Words cannot describe how “over” presents I am. Not because I don’t enjoy or appreciate sentimental, useful, or thoughtful gifts, but because people waste so much money on useless items for others because they feel obligated to, especially around holidays, birthdays, and days of the year highlighted by the marketing departments of corporations like Hallmark and Nestlé.
Now, my thoughts and beliefs do not stem from the “Minimalism Movement” or a desperate need to fit in with the “hip” crowd despite how many people wrongfully dub me a hippy or hipster because I live and think differently than they do. My thoughts on the subject have developed in recent years due to umpteen moves around the country and world, being responsible for cleaning out my deceased uncle’s house after he passed away, and really considering my finances as an adult.
As a traveler, there is only so much one is willing and able to carry around planet. If an item isn’t essential or I can’t wear it in multiple ways over the course of a week, it doesn’t make the cut. Now, I do believe in investing in quality goods that can withstand my habits and lifestyle, but I don’t believe in purchasing things because they are cheap or on sale and then letting them sit around a house only to take up space and eventually throw away. That is gluttonous, unnecessary, and completely irresponsible both economically and environmentally.
I would be willing to bet that eight times out of ten, our gifting is a completely selfish act. We want people to know that we are thinking of them. We want people to appreciate what we have done for them. And more often than not, we don’t want to look like the cheap asshole in the family or friend group. Dumb.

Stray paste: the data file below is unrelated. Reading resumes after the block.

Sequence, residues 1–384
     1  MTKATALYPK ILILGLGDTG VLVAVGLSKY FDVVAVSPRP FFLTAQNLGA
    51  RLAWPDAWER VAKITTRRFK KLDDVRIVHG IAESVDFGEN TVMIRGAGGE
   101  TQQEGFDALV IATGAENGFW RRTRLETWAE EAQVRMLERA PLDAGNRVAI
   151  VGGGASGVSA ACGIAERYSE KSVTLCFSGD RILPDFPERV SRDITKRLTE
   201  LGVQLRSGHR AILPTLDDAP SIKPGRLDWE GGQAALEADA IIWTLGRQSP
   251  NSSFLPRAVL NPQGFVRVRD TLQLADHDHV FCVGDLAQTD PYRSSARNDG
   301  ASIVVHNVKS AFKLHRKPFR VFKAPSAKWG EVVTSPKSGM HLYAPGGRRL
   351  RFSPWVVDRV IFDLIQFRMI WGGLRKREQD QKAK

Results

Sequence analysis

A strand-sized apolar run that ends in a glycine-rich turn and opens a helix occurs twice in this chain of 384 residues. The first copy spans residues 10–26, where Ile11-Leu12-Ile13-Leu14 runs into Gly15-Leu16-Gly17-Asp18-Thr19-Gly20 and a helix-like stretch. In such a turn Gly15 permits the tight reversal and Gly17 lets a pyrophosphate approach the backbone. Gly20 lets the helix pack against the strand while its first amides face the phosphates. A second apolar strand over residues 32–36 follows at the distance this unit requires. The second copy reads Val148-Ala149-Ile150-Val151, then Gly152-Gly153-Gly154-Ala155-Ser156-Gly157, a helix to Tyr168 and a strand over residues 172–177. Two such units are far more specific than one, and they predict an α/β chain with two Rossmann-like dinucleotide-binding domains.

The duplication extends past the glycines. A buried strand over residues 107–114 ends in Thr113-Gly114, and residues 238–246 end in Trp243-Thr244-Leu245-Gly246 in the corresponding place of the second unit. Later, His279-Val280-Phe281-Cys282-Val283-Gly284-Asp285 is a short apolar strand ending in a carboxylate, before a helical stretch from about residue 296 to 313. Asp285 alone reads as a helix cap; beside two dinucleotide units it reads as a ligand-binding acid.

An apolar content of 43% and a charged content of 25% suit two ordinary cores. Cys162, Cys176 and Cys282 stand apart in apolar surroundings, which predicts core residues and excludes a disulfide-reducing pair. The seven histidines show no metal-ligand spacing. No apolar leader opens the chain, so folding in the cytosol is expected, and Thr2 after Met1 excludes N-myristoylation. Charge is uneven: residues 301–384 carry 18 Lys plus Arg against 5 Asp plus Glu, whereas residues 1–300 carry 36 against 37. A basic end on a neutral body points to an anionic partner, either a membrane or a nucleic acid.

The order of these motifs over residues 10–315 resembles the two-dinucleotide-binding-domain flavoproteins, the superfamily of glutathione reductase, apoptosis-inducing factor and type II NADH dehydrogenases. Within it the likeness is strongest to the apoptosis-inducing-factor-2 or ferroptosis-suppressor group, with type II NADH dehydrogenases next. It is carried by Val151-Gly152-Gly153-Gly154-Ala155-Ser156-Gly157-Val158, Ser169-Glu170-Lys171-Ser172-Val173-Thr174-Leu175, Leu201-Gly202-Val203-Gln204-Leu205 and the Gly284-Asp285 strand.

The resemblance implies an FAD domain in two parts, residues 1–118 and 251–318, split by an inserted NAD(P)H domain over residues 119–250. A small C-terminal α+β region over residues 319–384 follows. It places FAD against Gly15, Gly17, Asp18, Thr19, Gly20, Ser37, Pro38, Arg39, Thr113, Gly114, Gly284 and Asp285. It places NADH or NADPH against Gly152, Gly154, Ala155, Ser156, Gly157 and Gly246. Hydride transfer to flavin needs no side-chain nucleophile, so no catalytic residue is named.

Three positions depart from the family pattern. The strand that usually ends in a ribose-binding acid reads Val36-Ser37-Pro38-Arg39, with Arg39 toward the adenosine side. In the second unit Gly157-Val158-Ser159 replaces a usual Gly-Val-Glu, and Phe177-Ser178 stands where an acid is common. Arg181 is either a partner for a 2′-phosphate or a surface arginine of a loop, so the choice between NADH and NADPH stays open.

Isn’t the true purpose of giving gifts about doing something for another person? Something that will help them out or bring them joy. Ugh! I get so flustered over this.
Look, I’m a VERY fortunate person with a family that could basically fill up its own city and I have friends all over the world. I understand what a blessing that is, but I can’t imagine what kind of house I would be forced to try to buy to store all of the stuff I had if they all decided to give me a tangible gift. You know what I really love getting from them? Their time. Their affection. Their hugs and kisses and funny stories. Their undivided attention (that means phones are put the hell away).
There is no better gift my fiancé gives me than his time, and I am so glad he understands this and takes it seriously. He knows that sitting down for coffee or a meal brings me more joy than a silly sparkly object. My closest friends understand this, too. And if they do get me something, it’s usually well thought out and useful for my lifestyle, or just a sweet card to let me know I’m on their minds because I LOVE written words—they don’t take up much space…and paper can be recycled. *Hair flip.*
I do encourage others to invest more time in one another instead of trying to shower everyone with gifts. Think about it. How good do you feel after having a stimulating conversation with someone? Now think about that feeling and compare it to the one you immediately get when your distant relative or office mate gives you a $30 candle that either gives you a headache or makes you cringe (’cause let’s face it, not many people give you candles that you actually love the smell of). So you can either walk away feeling high on life and good energy, or you can accept the overbearing candle and think of ways to get rid of it without it smelling up your sacred space.
Note to distant relatives and office mates: Save the $30 and just take a walk or sit down to have a nice conversation. If you can’t do that, just avoid giving any kind of gift and focus that time and energy on the people you actually value in this life, because time is a precious and priceless gift that you aren’t guaranteed more of.
Presence is far more valuable than presents, and it’s wanted and needed by our loved ones more than material goods.
The Humble Lion
P.S. This post was written for My Weekly Contribution, but it’s a couple of days late because I have had a busy week and wanted to be fully present during the time I had with my loved ones. Ironic, isn’t it?
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Kalu Ndukwe Kalu
The things you do for yourself are gone when you are gone, but the things you do for others remain as your legacy.